“When you [a network] introduce new programs that celebrate the audience, they can see themselves in it, and it’s reflective in ratings and in the audience that the network attracts now,” said Norman. “It really is about working on both sides—yes, bringing in creators, yes, bringing in the right kind of new content, making sure the stories are reflective of the world that we live in. But it’s also really about making sure that the executives making those decisions have that lived reality as well.”
Representation, inclusion and pay parity are not just challenges faced by the media industry or in business; they’re also a sad and harsh reality that female athletes encounter each and every day. The issue of pay inequality between men and women was a hot topic earlier this year, and it reached a boiling point when the U.S. Women’s National Soccer team won it’s fourth FIFA World Cup in 28 years and shined a light to the huge pay disparity compared to the U.S. Men’s National Soccer team. The issue has now transcended the locker rooms, and brands and businesses have become increasingly vocal regarding the need to achieve equal pay across all segments of society.
“A lot of progress has been made over the years if you go back to where women in sports started. I think there is still a very large gap that needs to continue to be closed. These are the discussions that need to happen, and bringing awareness to it is the first step in the process. I think the awareness has been raised and people are talking about it. Step two is what can be done about it, what steps can be taken across all sports,” said Naeher. “The torch has been passed. It’s now our responsibility as a team, as players and as individuals to continue to have the conversations.”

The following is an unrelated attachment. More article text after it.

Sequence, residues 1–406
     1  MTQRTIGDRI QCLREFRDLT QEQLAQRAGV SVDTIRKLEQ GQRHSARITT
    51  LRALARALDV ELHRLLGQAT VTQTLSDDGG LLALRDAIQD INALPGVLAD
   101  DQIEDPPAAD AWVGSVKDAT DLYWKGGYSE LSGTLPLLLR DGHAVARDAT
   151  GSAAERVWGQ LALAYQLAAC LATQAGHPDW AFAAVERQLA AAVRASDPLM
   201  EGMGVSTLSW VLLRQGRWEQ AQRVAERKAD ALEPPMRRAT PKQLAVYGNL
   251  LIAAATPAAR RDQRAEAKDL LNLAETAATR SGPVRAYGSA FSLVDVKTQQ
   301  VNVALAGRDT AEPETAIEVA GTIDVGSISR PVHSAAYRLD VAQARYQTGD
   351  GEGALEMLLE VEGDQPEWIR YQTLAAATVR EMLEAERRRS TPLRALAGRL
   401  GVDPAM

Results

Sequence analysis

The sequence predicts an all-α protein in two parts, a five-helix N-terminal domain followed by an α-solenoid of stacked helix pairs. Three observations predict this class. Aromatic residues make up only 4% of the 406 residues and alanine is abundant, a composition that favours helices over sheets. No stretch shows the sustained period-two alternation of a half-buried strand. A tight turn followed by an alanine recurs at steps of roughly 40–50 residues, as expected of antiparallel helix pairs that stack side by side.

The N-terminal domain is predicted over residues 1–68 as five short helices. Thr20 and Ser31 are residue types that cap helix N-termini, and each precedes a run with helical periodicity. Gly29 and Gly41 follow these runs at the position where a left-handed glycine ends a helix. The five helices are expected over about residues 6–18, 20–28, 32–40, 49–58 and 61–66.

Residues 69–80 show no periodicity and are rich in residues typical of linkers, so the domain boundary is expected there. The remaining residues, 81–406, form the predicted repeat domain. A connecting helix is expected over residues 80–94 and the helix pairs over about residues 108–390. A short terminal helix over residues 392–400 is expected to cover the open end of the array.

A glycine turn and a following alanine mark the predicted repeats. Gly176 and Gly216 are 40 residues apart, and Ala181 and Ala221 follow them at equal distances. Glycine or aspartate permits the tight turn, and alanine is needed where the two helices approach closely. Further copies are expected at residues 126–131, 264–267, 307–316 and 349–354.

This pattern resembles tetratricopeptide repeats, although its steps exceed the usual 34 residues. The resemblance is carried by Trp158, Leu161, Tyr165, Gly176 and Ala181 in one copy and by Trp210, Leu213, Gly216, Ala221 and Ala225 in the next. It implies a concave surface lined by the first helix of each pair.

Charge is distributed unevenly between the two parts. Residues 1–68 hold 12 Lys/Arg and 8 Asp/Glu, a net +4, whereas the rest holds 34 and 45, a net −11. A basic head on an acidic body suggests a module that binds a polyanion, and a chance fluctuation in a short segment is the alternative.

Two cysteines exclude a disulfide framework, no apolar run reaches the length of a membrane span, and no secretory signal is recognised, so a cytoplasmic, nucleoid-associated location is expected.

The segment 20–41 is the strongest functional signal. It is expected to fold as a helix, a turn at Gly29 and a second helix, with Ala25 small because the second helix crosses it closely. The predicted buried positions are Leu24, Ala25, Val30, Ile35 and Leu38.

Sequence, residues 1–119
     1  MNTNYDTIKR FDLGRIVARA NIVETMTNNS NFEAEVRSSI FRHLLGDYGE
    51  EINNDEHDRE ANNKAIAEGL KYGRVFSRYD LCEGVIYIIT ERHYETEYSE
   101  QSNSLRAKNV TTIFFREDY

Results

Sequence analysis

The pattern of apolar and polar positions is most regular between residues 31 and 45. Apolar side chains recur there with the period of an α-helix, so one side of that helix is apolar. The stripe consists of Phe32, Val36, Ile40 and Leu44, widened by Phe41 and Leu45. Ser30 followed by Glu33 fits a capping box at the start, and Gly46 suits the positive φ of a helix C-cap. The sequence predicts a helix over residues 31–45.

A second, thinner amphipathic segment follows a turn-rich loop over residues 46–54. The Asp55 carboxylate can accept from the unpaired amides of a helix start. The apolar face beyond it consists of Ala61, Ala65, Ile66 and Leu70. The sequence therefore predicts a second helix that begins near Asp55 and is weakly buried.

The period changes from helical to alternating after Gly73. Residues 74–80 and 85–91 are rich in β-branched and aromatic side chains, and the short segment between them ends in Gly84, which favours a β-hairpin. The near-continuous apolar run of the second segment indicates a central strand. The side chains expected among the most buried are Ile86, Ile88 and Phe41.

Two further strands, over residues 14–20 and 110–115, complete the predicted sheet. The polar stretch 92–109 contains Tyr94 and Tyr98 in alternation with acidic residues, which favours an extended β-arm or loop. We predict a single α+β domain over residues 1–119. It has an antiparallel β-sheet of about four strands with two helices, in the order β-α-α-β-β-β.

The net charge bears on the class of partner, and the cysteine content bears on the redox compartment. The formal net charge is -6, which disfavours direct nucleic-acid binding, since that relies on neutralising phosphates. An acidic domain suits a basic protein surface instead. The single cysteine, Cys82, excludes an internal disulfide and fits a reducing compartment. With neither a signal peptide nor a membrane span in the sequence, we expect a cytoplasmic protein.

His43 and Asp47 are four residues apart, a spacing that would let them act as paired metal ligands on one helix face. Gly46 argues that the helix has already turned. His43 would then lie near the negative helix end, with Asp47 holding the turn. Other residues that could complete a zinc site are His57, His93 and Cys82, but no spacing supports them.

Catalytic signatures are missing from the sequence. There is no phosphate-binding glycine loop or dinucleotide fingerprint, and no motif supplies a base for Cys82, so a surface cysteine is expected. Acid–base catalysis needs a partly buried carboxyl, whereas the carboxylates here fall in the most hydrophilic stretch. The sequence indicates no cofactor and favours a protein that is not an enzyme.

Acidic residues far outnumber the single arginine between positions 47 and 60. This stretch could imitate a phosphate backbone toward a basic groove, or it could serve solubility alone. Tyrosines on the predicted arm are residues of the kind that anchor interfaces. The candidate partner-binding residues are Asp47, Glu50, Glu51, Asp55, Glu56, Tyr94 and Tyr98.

Similarly, as the standard bearer of truth for the media industry, it is our job to bring to light the tough conversations, help shape the narrative and provide the data that enable the measurement and representation of all consumer segments. Nielsen doesn’t take this responsibility lightly, and we continue to engage with our clients, industry partners, civic organizations and government to ensure that trust and transparency in media are the beacons that guide this industry forward.
“We stand to create one truth for you to understand media, and that truth needs to be everyone’s truth,” said Kenny.